The long tail of loyalty: how personalized dialogue and customized rewards will change marketing forever

The long tail of loyalty: how personalized dialogue and customized rewards will change marketing... Purpose – This paper is aimed at describing how companies can find new opportunities for customer retention and lifetime value by applying the concepts of dialogue marketing, network‐building and relevant rewards. Design/methodology/approach – The paper cites the work of Chris Anderson, Editor‐in‐Chief of Wired Magazine , and the work of Italian economist Vilfredo Pareto. The paper explains how the works of these two men, and how programs put into place at two companies (Hewlett‐Packard and Rain Bird), have opened new vistas in customer retention. Findings – The study found that by applying specific marketing principles, companies can do a better job of retaining all customers, specifically those customers who are not in the top 20 percent of revenue‐producers. Practical implications – Most companies believe that 80 percent of their business comes from 20 percent of their customers. However, by applying specific marketing principles, companies can do a better job of retaining all customers, specifically those customers who are not in the top 20 percent of revenue‐producers. Originality/value – The paper takes a new look at an old principle (the 80‐20 Pareto Principle). http://www.deepdyve.com/assets/images/DeepDyve-Logo-lg.png Journal of Consumer Marketing Emerald Publishing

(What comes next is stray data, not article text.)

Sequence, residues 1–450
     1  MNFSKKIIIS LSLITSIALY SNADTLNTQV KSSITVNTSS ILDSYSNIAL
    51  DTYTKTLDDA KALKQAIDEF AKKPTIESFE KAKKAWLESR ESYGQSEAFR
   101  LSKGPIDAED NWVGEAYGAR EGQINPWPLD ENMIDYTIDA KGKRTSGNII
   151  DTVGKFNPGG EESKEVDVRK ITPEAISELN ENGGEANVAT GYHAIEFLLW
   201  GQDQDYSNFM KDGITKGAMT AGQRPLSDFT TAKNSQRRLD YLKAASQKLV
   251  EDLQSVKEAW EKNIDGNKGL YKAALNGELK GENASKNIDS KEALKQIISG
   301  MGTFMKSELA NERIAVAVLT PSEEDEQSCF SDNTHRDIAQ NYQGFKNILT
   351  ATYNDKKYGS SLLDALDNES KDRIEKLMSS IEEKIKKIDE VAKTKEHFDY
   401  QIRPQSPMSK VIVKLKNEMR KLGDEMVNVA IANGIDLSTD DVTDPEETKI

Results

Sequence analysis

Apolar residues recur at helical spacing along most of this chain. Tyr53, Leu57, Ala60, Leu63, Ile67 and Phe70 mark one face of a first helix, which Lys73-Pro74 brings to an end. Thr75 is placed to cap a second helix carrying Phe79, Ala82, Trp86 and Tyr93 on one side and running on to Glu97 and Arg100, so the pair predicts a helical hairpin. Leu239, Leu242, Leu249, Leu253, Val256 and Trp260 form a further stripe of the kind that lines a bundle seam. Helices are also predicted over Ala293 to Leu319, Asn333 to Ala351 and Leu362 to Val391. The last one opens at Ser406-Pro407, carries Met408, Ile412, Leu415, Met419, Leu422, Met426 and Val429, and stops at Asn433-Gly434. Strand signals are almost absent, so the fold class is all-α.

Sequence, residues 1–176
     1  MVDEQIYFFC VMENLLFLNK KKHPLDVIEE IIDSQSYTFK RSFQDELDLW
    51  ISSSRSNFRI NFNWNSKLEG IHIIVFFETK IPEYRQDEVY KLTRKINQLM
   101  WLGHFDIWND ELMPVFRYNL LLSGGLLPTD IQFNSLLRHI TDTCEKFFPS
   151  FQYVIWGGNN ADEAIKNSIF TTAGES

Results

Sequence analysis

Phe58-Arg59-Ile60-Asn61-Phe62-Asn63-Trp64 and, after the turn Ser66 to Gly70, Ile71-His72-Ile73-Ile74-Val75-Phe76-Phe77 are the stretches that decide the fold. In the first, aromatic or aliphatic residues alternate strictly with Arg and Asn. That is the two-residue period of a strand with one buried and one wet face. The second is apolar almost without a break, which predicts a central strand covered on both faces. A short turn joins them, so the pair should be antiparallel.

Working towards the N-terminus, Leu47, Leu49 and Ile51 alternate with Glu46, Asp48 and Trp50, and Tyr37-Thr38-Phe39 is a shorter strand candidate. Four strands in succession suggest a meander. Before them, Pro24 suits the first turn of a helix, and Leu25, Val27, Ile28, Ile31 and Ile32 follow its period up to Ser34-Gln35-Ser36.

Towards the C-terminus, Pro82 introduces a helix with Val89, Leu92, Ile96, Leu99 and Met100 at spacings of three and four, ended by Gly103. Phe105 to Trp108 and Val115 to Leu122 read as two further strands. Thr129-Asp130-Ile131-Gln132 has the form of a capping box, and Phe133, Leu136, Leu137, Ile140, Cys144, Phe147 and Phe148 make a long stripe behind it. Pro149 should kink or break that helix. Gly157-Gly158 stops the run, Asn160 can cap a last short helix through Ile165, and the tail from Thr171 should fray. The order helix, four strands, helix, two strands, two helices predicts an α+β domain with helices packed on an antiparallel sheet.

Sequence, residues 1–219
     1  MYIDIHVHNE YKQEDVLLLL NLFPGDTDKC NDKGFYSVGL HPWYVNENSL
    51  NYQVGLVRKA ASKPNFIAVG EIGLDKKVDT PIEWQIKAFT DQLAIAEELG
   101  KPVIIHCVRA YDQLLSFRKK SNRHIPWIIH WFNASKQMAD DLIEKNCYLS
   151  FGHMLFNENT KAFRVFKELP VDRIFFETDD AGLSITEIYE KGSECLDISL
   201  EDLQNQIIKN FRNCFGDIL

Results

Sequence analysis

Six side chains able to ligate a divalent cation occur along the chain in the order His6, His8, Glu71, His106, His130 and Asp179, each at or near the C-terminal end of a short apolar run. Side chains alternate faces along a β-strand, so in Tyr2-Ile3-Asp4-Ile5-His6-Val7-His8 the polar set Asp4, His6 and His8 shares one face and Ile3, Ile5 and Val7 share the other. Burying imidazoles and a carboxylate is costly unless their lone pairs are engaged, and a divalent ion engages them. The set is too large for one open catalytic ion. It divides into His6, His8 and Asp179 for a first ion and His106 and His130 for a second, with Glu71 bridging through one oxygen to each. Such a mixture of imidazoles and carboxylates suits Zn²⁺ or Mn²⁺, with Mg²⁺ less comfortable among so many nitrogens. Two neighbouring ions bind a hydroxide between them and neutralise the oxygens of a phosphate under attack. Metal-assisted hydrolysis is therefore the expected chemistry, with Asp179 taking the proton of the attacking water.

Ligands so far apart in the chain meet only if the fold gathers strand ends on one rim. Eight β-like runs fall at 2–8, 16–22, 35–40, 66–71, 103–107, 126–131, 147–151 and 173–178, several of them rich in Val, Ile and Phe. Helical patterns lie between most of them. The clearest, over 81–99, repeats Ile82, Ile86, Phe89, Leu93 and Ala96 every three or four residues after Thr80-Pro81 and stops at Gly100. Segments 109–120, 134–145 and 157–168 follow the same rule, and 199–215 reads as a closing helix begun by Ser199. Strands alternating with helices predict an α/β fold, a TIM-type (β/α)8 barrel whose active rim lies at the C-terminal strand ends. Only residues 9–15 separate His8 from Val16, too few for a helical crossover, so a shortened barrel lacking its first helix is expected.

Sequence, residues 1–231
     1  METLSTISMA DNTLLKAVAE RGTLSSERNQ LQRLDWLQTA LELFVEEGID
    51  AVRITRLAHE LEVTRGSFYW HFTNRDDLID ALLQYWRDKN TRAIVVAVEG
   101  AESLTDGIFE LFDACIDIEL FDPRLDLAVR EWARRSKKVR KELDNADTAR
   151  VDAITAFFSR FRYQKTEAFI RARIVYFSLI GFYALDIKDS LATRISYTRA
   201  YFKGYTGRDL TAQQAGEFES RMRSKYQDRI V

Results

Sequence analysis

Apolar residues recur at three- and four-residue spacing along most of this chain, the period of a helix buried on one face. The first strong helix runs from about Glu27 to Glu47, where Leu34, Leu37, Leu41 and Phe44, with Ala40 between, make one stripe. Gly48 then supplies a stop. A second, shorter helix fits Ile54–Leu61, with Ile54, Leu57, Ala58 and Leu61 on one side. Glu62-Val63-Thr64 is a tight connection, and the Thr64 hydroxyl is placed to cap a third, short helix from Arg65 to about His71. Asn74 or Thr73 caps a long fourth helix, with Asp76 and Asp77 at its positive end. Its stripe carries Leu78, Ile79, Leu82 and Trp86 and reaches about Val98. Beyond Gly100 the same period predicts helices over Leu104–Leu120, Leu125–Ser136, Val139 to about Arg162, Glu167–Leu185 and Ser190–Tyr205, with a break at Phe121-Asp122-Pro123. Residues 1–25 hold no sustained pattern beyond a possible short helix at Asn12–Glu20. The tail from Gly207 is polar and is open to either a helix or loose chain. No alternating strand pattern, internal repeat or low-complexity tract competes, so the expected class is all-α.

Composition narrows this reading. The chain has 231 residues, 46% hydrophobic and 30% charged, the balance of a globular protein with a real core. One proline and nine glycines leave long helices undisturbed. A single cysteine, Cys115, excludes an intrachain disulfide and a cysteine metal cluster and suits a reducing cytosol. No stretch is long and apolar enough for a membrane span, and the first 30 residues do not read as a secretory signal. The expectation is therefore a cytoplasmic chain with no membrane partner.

The long tail of loyalty: how personalized dialogue and customized rewards will change marketing forever

Journal of Consumer Marketing, Volume 23 (6): 5 – Oct 1, 2006

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Publisher
Emerald Publishing
Copyright
Copyright © 2006 Emerald Group Publishing Limited. All rights reserved.
ISSN
0736-3761
D.O.I.
10.1108/07363760610701904
Publisher site
See Article on Publisher Site

Abstract

Purpose – This paper is aimed at describing how companies can find new opportunities for customer retention and lifetime value by applying the concepts of dialogue marketing, network‐building and relevant rewards. Design/methodology/approach – The paper cites the work of Chris Anderson, Editor‐in‐Chief of Wired Magazine , and the work of Italian economist Vilfredo Pareto. The paper explains how the works of these two men, and how programs put into place at two companies (Hewlett‐Packard and Rain Bird), have opened new vistas in customer retention. Findings – The study found that by applying specific marketing principles, companies can do a better job of retaining all customers, specifically those customers who are not in the top 20 percent of revenue‐producers. Practical implications – Most companies believe that 80 percent of their business comes from 20 percent of their customers. However, by applying specific marketing principles, companies can do a better job of retaining all customers, specifically those customers who are not in the top 20 percent of revenue‐producers. Originality/value – The paper takes a new look at an old principle (the 80‐20 Pareto Principle).

Journal

Journal of Consumer MarketingEmerald Publishing

Published: Oct 1, 2006

Keywords: Customer loyalty; Consumer marketing; Customer retention; customer relations

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